Case Studies

This is a list of case studies that I have authored. These case studies introduce the students to some of the problems that are encountered while conducting research and what sort of techniques are used to address these issues.


Negotiation and Cooperation: A Simulation Using Agent-Based Modeling

Published in SAGE Research Methods

Many people end up working in fields different from what they had originally intended. I hold a bachelor’s degree in computer and communications engineering but ended up doing my PhD in organizational theory. As a computer and communications engineering student, I was exposed to a lot of programming, and I liked it. When you program, you create things that do not exist, and you see the result of your work when you run the program. Many of my friends, and students, ask me whether studying engineering was a waste of time since I no longer practice it. The answer is no, and the reason is that I have found my programming knowledge to be very useful in the social sciences. As Steve Jobs said, sometimes you have to connect the dots. The purpose of this article is to introduce the reader to a specific type of computer programming that can be very useful to social scientists, agent-based modeling. The only way to learn and understand programming is through an example. This is why, in this article, I will develop a simple model of negotiation and cooperation between individuals. The article will then show how the model is implemented using NetLogo, which is the most popular agent-based modeling environment. Finally, the article will show the reader how he or she can visualize the result of the simulation.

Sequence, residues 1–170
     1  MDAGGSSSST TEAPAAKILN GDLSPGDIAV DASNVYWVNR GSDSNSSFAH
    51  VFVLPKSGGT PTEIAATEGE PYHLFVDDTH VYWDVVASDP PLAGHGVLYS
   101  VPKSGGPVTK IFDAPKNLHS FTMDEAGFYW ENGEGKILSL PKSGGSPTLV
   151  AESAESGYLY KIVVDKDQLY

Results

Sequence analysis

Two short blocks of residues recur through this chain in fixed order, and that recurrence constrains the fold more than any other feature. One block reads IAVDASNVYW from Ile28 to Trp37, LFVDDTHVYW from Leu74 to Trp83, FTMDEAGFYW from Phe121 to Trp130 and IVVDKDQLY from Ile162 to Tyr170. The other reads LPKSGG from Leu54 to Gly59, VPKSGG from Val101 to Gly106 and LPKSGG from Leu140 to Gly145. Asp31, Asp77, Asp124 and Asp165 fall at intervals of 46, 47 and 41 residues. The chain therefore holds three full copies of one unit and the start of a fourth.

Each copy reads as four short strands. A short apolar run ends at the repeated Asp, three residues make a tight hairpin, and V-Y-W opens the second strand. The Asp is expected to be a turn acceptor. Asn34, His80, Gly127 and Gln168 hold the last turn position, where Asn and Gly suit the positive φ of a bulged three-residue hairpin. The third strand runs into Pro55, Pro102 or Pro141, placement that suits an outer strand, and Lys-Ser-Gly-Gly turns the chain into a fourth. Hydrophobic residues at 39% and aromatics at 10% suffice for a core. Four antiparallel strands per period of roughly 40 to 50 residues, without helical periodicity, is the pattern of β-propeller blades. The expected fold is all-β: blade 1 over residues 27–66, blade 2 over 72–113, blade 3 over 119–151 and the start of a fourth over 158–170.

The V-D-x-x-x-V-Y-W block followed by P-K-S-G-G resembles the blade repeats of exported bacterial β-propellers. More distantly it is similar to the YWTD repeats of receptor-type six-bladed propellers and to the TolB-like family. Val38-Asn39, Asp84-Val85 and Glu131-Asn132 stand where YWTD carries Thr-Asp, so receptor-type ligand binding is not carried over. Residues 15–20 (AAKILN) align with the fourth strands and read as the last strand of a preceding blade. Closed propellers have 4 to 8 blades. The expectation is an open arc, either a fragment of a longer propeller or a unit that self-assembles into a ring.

Probing the Minds of Female Engineers: The Richness of Qualitative Research

Published in SAGE Research Methods

This case is a reflection on my first experience using interviews in a research project. Although I believe in the power and elegance of quantitative methods, qualitative methods allow for research that is richer, deeper, and in many instances a better read. The article describes how I chose the research topic and what led me to use interviews even though I had originally planned to use regression. The article then goes on to describe how my colleagues and I conducted the interviews. Finally, I highlight the main learning points that I came out with from this research project.


The Statistical Toolbox: Reflections on my Dissertation Experience

Published in SAGE Research Methods

Starting work on your dissertation is a truly daunting task. While working on my own dissertation, two pieces of advice given to me by my advisor shaped how I approach the topic of research. This article summarizes my experience in dealing with these pieces of advice. The article describes why the first piece of advice was the best advice that my advisor gave me. The article also describes why the second piece of advice went contrary to the first, thus leading me to abandoning the piece of advice. I talk about the difficulties I faced while collecting data, and how, by expanding the number of tools in my statistical toolbox, I was able to work with what I had. Statistical analysis is not an easy subject, especially the methods that are used in quantitative analysis. The mathematics behind them is complicated, to say the least. Fortunately, social scientists do not need to know the math. They do need, however, to understand the underlying principles to mold these tools to their situation. Luckily, there are resources that help you do this, but you have to look for them carefully.